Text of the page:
Sherlock, Jr.

A landmark in every way.

Buster Keaton, my pick for the best silent film comedian, knocks it out of the park with this rom-com, which accomplished unheard-of technical achievements.

Operating at the dawn of motion pictures, “The Great Stone Face” didn’t have CGI, instead creating his often-mesmerizing effects through hard work, camera tricks, and putting his own safety into question.

Keaton broke his neck during a stunt here, then endured horrifying headaches, not finding out the full extent of his injury for NINE YEARS.

You can endure sitting in a recliner for 45 minutes to appreciate this masterpiece.

Just sayin’.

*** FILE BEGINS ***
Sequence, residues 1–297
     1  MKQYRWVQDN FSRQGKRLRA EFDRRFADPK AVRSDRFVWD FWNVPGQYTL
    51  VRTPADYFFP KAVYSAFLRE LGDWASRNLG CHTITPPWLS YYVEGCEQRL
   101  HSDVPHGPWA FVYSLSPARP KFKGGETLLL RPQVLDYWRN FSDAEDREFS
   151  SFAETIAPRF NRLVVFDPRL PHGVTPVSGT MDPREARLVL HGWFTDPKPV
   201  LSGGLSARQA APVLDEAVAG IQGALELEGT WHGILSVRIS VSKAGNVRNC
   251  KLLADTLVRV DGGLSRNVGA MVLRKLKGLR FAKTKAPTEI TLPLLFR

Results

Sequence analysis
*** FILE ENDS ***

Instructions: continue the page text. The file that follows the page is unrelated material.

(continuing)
The Cameraman

Buster Keaton fell, so others could run.

One of the true founding fathers of motion picture comedy, a man who pulled off incredible visual gags at a time when green screen special effects didn’t exist, his work still impresses.

Doing his own stunts, Keaton dropped a house on himself — making sure to be positioned just right so his body would be where the window opening was on impact.

In this fast ‘n furious flick, his best moment comes at a pool, where he wages war with his own swimming suit.

Simple, yet hilarious, it captures a master at work.